California prides itself on being a prosperous state. But California has the highest poverty rate of all the states, 19%, according to a measure by the U.S. Census Bureau that looks at the costs of living in each state and the federal aid available to help cope with those costs.
Over all, the census figures, known as the “supplemental” poverty rate, show that the West, dominated by California, now has a higher poverty rate than the South, historically the poorest region in the country. The West, which includes the 13 westernmost states, has a poverty rate of 15.1%, compared with 14.8% for the 16 states that make up the South.
How did it get this bad? The short answer is that California’s high poverty rate is driven mainly by high and unaffordable rents.
But how did rents run amok? One explanation is that for a long time now, the supply of apartments in California has not kept up with demand, which leads to ever higher rents.
Another explanation is that unaffordable rents are a consequence of rising income inequality. Incomes at the top of the economic ladder have grown, pulling up housing costs. But there has been no comparable growth in income for most working people, making it ever more difficult for them to afford places to live. Currently, about a third of Californians spend more than half their total family income on rent, according to the Stanford Center on Poverty and Inequality. The results are overcrowding, inability to afford other essentials, evictions, homelessness and other hallmarks of poverty.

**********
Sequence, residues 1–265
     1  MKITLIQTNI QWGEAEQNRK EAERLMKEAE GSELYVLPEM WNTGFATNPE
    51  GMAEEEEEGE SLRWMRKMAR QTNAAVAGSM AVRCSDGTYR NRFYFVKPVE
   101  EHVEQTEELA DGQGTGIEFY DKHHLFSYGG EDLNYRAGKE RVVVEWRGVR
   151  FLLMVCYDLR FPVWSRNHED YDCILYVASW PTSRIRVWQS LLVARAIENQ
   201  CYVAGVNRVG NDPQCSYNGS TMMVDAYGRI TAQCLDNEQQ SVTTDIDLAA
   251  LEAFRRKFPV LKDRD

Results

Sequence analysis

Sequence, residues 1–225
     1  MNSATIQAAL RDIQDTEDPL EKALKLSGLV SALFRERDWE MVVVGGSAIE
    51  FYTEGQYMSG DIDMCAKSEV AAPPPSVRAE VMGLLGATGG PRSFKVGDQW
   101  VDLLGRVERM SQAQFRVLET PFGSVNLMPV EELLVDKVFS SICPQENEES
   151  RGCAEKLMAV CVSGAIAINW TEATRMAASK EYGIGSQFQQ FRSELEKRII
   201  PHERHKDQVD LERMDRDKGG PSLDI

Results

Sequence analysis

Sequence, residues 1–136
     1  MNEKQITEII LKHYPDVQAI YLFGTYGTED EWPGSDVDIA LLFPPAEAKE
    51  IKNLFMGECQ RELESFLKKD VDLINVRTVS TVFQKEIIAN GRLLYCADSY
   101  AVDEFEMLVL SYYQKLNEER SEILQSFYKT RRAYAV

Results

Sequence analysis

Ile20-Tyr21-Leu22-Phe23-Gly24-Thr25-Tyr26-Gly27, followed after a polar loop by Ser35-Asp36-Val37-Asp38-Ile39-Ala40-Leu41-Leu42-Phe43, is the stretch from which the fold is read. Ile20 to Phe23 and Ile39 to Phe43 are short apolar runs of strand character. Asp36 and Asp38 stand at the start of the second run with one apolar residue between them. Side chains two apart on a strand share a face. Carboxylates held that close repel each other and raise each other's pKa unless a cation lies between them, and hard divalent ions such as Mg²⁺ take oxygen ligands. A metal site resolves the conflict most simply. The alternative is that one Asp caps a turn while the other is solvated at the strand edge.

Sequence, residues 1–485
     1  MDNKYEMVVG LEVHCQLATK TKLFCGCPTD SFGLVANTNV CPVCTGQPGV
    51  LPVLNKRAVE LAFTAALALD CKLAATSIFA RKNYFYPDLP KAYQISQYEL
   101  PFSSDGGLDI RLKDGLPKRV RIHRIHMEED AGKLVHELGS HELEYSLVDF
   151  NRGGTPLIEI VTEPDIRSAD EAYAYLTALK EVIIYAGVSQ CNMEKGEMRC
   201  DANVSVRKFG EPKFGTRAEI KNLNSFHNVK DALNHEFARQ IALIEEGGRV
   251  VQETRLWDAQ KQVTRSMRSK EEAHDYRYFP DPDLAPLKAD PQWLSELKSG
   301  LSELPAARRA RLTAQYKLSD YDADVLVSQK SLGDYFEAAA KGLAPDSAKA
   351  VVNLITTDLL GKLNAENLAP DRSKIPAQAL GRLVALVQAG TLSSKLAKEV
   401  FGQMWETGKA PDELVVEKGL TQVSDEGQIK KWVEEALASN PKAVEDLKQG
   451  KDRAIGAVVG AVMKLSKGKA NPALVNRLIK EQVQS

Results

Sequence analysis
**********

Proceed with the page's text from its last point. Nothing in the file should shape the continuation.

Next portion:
Theoretically, laws and public policies are supposed to prevent or correct big economic imbalances like the ones behind California’s high housing costs. The state’s $15-an-hour minimum wage, intended to lift low wages, is one such policy. And Californians are now debating rent control, zoning changes and the construction of housing for seniors, veterans and the homeless. With a third of the population hard pressed to keep a roof over their heads and more than 100,000 people in the state already homeless, all possible solutions need to be on the table.
State-based solutions are also needed because adequate help from the federal government is not on the way. Congress recently went against President Trump’s wishes to approve a slight increase in funding for federal housing vouchers and new construction, but the increase is not enough to have a meaningful impact on the number of families that can’t afford the rent.
T.A. Hendrickson, a native of Eagle Rock, is the editor of the Boulevard Sentinel and a former member of the Editorial Board of the New York Times.